The recently published practical guidelines for the management of osteonecrosis of the jaws (ONJ) in patients receiving bisphosphonate (BP) therapy reported that medical therapy associated with antimicrobial rinses could be suggested for patients with stage II ONJ (exposed necrotic bone associated with pain and infection), whereas surgical treatment should be reserved for those with stage III ONJ (exposed necrotic bone associated with pain and infection and pathological fracture, extraoral fistula, or osteolysis extending to the inferior border).1 In addition, some authors have recommended medical therapy instead of surgical treatment for established BP-associated ONJ.  and  Wide-spectrum antibiotic treatment (eg, amoxicillin 2g/day in combination with metronidazole 500 mg/twice a day for 15 days3) is of great value in the immediate management of the infectious process. In our experience, it is possible to observe a resolution of the symptoms for a period usually not exceeding 4 weeks. After that, a new cycle of antibiotic treatment becomes necessary when symptoms return. Interestingly, subsequent recurrences are progressively worse, and the symptom-free period becomes increasingly shorter, with the result that almost antibiotic treatment becomes necessary. Many cancer patients who undergo chemotherapy and are debilitated by the malignancy cannot bear the side effects of prolonged (and sometimes permanent) therapeutic antibiotic schemes.4 In addition, many of these patients demonstrate an uncontrolled progression of BP-related ONJ, characterized by such severe complications as pathological bone fracture and maxillary sinus and orbital involvement.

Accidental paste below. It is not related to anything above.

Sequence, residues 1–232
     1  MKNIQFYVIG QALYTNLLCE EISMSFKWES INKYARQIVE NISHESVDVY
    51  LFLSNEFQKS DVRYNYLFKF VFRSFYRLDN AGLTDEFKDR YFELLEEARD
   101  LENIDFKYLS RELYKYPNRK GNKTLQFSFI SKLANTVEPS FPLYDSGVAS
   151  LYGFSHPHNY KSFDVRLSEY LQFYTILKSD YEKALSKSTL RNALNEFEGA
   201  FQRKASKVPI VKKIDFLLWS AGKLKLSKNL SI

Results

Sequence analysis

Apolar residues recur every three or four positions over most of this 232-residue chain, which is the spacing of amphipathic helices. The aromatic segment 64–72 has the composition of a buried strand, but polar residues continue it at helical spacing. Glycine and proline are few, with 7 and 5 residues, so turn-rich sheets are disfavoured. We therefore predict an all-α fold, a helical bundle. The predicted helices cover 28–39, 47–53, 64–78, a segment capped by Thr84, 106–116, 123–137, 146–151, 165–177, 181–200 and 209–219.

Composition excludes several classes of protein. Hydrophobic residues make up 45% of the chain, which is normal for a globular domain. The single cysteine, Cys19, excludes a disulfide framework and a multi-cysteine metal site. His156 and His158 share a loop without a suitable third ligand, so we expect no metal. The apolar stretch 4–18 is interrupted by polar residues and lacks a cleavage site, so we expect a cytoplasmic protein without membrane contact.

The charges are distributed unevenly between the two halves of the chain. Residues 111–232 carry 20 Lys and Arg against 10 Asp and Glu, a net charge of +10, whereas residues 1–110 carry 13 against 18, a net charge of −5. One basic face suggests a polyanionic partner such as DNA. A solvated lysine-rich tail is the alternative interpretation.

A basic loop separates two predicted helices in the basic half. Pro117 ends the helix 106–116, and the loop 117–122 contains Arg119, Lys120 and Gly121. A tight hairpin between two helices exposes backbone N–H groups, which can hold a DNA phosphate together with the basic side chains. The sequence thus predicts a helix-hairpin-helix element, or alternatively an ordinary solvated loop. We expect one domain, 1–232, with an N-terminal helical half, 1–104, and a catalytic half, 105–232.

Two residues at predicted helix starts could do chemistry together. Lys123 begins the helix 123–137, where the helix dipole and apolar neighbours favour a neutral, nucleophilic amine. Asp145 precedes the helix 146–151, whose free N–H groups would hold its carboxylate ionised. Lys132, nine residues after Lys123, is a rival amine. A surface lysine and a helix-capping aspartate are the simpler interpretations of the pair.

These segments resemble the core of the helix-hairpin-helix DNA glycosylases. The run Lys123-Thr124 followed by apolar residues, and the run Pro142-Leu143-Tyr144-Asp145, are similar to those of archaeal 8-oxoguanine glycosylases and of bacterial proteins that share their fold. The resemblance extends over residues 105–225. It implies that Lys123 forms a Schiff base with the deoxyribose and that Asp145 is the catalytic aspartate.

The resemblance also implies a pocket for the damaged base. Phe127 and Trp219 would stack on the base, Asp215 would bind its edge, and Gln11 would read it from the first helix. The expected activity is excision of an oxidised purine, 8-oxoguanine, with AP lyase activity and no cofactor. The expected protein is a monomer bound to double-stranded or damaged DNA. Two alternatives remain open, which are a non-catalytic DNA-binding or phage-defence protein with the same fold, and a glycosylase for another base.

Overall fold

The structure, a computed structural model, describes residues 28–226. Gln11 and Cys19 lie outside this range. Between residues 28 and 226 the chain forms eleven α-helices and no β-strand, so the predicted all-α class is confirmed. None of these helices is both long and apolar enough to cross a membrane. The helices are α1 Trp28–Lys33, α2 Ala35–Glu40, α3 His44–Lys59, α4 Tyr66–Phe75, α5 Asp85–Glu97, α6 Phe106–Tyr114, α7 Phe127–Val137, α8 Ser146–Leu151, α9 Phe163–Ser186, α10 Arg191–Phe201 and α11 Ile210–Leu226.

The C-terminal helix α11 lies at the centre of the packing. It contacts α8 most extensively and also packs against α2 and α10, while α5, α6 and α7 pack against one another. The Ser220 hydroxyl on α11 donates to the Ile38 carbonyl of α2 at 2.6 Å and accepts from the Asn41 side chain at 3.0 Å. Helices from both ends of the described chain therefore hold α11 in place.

Early surgical approach preferable to medical therapy for bisphosphonate-related osteonecrosis of the jaws / Vescovi, Paolo; Manfredi, Maddalena; Merigo, E; Meleti, Marco. - In: INTERNATIONAL JOURNAL OF ORAL AND MAXILLOFACIAL SURGERY. - ISSN 0901-5027. - 66(2008), pp. 831-832. [10.1016/j.joms.2007.11.025]